Internet Presence for Small Businesses: 10 Strategies to Avoid
Internet Presence Tips for Small Business Owners
by Derick Schaefer
If you are starting a new business, you have a list of hundreds of things to concentrate on in order to make your launch successful. Many of the items on a startup small business owners’ “to do” list make perfect sense to him or her. Creating entities, setting up bank accounts, filing for permits, and signing leases are a few examples. When it comes to Internet presence or a website the world can become a little fuzzier; and unfortunately, poor choices in this space can put an unnecessary dent in startup budgets and potentially impact marketing moving forward.
As a volunteer and regular speaker for both the Collin SBDC and The State Bar of Texas, here is my top 10 List of strategies to avoid:
DO NOT: Let someone else “own” your domain name.
Domain names are the equivalent of your social security number on the Internet. Everything from search engine history to printed marketing materials refers to it. Acquiring a domain name costs $10. Even though your web developer or hosting company says “I can do that for you”, every small business owner should make this purchase on their own from a reputable registrar and complete all information in their name or the name of their business.
DO NOT: Use Hotmail, AOL, or Yahoo email for your business email
Your domain name is your brand and your email address should represent this. When you receive a business email from a free Internet account, doesn’t that cause you to raise an eyebrow in terms of the legitimacy of the business? It will for your customers and for potential customers as well.
DO NOT: Use a phone number for your business that will change
Phone numbers get indexed by search engines and stay out in cyberspace forever. The classic situation is a small business that starts in an executive suite. When said business is ready to expand into a new office, many business owners read the fine print of their lease agreement and find it stipulates that the phone number belongs to the executive suite company. Virtual phone numbers are $20 a month and, per federal law, give the owner the right to transfer the number to whatever service provider they want. Onebox by JCom is a major player in the industry that should be considered.
DO NOT: Build an initial website that is too fancy or too large
Could you have a 100-page website with a customized ecommerce infrastructure? Sure. It is simply a matter of money. Start off small with your website and add to it as your business evolves and grows. There is a lot of learning in the first two years of a business and many business owners invest far too much into a website before they have a clear indicator of the ROI they can achieve from it. One strategy to help lessen that initial investment is to use ecommerce facilities from PayPal and other providers before building your own shopping cart. When you have so many orders that you are losing potential incremental sales due to up-selling and cross-selling functionality not being available from your own site, you can then justify the custom path.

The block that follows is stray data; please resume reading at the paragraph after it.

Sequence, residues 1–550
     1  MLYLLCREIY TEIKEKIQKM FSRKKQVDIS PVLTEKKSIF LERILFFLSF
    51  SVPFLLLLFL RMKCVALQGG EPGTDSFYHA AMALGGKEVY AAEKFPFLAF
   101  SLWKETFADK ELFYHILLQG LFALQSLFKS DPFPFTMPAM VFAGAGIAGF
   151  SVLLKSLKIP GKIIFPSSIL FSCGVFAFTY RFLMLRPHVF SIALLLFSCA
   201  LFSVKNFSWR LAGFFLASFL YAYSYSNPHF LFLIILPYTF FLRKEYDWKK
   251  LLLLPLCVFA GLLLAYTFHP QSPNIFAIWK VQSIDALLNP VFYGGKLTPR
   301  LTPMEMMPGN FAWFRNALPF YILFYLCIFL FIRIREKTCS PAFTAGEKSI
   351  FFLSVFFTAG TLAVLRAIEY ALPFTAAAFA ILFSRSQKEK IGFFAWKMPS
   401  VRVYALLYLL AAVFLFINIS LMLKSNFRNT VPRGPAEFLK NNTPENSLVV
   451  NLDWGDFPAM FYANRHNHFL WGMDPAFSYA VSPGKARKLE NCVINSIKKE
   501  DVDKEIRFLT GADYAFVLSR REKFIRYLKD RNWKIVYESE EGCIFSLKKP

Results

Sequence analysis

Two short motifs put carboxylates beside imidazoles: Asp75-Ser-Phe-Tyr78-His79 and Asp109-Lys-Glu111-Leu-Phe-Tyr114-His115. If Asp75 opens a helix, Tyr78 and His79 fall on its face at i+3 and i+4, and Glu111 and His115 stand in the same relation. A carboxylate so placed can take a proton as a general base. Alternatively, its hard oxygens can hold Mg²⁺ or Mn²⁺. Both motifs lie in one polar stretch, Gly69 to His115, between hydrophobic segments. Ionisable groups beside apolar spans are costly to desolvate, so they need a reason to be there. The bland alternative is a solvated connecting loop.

DO NOT: Build a 100% Flash-based website
Granted, flash sites are pretty. However, sites built with Flash are also expensive. In addition, most sites that are primarily Flash-based are a complete disaster for search engines, which can hinder your ability to drive natural search traffic to your website. Do not build a flash site unless you have to!
DO NOT: Let a web developer build what you can buy instead.
Before a web developer talks you into customized blogs, newsletter sign-ups, and shopping carts, look on the web and explore solutions that are already built. You will likely find more cost-effective options with better functionality.
DO NOT: Have a web developer build you a dynamic site if it is not necessary
With dynamic sites or “content management systems”, the content is created on the fly from a database that someone maintains. The simple way to detect a dynamic site is the presence of variables in the URL. More simplistically, if the site you’re developer is creating for you does not have pages that end in .html or .htm, ask questions. Search engines can have trouble with dynamic sites.
DO NOT: Overpay for hosting and email
If you are paying more than $25 a year for an email account and do not have some specific government regulation that is responsible for a cost higher than that, ask questions. If you are paying more than $20 a month for simple hosting or $100 a month for ecommerce hosting, shop around.
DO NOT: Use PayPerClick if you aren’t good at it.
PayPerClick advertising (Google Adwords, etc.) takes professional knowledge and generally 1-3 hours per day of interaction to be successful in competitive marketplaces. Moreover, your click-through history stays with you forever. If you are not proficient at managing PayPerClick, it will cost you more over time; and you cannot erase that history. Do not just sign up and play with it. Start with natural search engine optimization first and move on to PayPerClick with the engagement of a professional firm.
DO NOT: Use Email for Sensitive Information
Before you send social security numbers, Quickbooks files, and other sensitive information over email, think first about the security of your customers’ or partners’ information. Then think about the security of your own company’s information. There are many services out there, such as FilesAnywhere (a Mark Cuban Company) that provide a secure infrastructure for sharing information.
Derick Schaefer, Managing Director of Orange Cast
- Social Media Marketing
The OrangeCast.com Home Page
- Internet Marketing Tips for Entrepreneurs from Inc.com
- Internet Marketing
Derick Schaefer and Carol Thompson delivered an Internet Marketing seminar titled "Driving Action on Websites" for the Colin SBDC in Plano, TX.
- Information Security Advice from the Federal Trade Commission